RICHMOND, Va. — Virginia lawmakers, outliers in the nation for their ability to spend money donated to their campaigns on virtually anything, have ended for another year efforts to put basic limits on how those funds can be used.
A Republican-controlled House subcommittee on Wednesday defeated a bill that would have prohibited spending on what its sponsor called “the low-hanging fruit, things that are most egregious.”
Democratic Sen. John Bell said he scaled his ambitions back after running into concerns from other lawmakers that spending campaign cash on things like pizza at campaign events or campaign T-shirts could lead to frivolous, politically motivated complaints.
His measure, which cleared the Senate 37-3, didn't address food or clothing but banned the use of donations on items such as home mortgages, country club memberships, vacations, sporting event tickets or recreational club fees.
“Frankly, when a candidate or an elected official does one of these most egregious things and it hits the paper, it makes all of us look bad. And I think it hurts the trust that people have, because people should know we’re here to serve ... not to enrich ourselves,” Bell said.
After about 15 minutes of discussion, the panel voted 5-3 to defeat the bill.
The same subcommittee voted down similar personal-use ban bills by House sponsors earlier in this year’s legislative session. In contrast, a ban cleared the Democrat-controlled House unanimously last year only to die in the Democrat-controlled Senate. November's elections have changed some of the House's membership since then, flipping party control to the GOP.
After the defeat of last year's bill, a bipartisan panel was formed to study the issue. While that group did not finish its work, it issued a draft report that called for a personal-use ban, something federal candidates and candidates in most other states face.
Bell's measure was the only remaining personal-use bill, so its defeat almost certainly ends consideration of the issue during this year's regular legislative session, which ends this month.
Clean Virginia, a good governance and energy policy reform advocacy group, noted that in 2015 a personal-use ban was recommended by an ethics commission formed in response to former Republican Gov. Bob McDonnell’s gift scandal and bribery conviction. The conviction was overturned by the U.S. Supreme Court.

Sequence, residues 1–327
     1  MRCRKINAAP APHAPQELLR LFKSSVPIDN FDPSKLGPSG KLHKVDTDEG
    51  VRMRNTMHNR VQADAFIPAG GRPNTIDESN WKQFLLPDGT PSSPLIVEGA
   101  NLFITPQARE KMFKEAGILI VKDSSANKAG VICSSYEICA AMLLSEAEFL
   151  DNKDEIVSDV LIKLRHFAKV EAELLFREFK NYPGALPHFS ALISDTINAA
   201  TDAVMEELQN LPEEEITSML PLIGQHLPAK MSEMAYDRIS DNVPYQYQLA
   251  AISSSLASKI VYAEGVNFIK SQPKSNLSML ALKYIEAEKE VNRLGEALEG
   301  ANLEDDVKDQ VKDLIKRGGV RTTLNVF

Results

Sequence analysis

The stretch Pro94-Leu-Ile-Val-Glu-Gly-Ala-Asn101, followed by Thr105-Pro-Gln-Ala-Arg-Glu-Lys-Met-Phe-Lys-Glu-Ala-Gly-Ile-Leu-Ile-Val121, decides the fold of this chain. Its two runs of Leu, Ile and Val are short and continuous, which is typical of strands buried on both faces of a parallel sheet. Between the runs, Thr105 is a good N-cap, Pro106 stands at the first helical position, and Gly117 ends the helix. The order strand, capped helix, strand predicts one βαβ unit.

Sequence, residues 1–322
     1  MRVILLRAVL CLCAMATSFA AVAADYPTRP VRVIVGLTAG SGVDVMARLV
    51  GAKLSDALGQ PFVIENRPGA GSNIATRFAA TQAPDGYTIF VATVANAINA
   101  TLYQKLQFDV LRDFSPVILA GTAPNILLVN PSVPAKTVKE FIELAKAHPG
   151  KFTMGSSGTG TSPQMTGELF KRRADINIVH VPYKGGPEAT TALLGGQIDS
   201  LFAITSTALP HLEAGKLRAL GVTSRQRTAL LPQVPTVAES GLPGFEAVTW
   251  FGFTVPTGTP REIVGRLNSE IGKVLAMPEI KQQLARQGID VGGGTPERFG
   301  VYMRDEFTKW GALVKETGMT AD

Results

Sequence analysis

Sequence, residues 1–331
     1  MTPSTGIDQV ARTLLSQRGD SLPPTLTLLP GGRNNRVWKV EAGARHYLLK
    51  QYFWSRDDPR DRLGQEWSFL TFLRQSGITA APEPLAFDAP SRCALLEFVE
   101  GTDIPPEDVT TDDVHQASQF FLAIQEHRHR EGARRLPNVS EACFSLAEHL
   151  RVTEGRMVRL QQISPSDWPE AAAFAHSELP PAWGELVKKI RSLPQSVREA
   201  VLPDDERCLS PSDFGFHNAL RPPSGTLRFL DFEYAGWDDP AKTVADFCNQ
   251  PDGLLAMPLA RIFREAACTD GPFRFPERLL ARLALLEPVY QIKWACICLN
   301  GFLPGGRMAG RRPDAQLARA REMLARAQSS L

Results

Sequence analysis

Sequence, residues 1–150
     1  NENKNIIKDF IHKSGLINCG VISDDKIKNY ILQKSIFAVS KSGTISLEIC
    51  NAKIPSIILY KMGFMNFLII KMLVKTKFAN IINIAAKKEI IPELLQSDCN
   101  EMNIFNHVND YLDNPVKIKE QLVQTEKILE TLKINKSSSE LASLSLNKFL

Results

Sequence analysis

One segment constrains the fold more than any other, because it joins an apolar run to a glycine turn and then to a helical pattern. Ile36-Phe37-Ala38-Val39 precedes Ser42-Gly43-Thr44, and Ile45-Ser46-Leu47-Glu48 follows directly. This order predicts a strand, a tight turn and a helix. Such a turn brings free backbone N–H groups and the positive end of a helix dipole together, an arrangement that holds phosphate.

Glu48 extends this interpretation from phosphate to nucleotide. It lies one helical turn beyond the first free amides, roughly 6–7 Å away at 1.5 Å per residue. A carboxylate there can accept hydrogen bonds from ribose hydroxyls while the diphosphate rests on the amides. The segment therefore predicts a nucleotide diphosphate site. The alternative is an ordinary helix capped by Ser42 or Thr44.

“There is nothing currently stopping a political candidate in Virginia from using unlimited campaign funds, for which there is no cap in Virginia, to purchase a vacation house or a swanky country club membership," Clean Virginia Executive Director Brennan Gilmore said in a statement. "It’s no wonder that public trust in our elected officials is at an all-time low. This legalization of grift is deeply embarrassing for Virginia."
An Associated Press review of the state’s campaign finance system in 2016 found some lawmakers frequently using campaign accounts to pay for expensive meals and hotels as well as personal expenses such as gas and cellphone bills.
Nancy Morgan, the coordinator of a grassroots group advocating for campaign finance reform, said “the citizens of the Commonwealth are the losers” after Wednesday's action.
Lawmakers raised a range of concerns during discussion of the bill, as they did previously when the AP sought comment about the defeat of the previous measures.
GOP Del. Kim Taylor objected to a provision that would have allowed expenditures on certain child care expenses. Bell agreed to strip that provision if the committee agreed to advance the bill but noted under current law, basically any expense is already allowed.
“Again, we have nothing today. There’s nothing stopping anybody from, frankly, doing anything they want with these funds,” he said.
Bell's bill would have created a process for campaign donors or constituents to bring a complaint to the Department of Elections that could result in a civil penalty of up to $10,000.
A handful of other campaign finance measures are still alive.
One from Democratic Del. David Bulova would tighten up record retention requirements and implement reviews of campaign committee financial records by the Department of Elections. Currently, disclosures are effectively done under an honor system with no state-sponsored review.
“I can't believe we don't already have this," he said of the record retention requirements as he spoke before a Senate panel that advanced the measure Wednesday morning.
Another measure from Bulova would extend the work of the bipartisan panel studying campaign finance reform.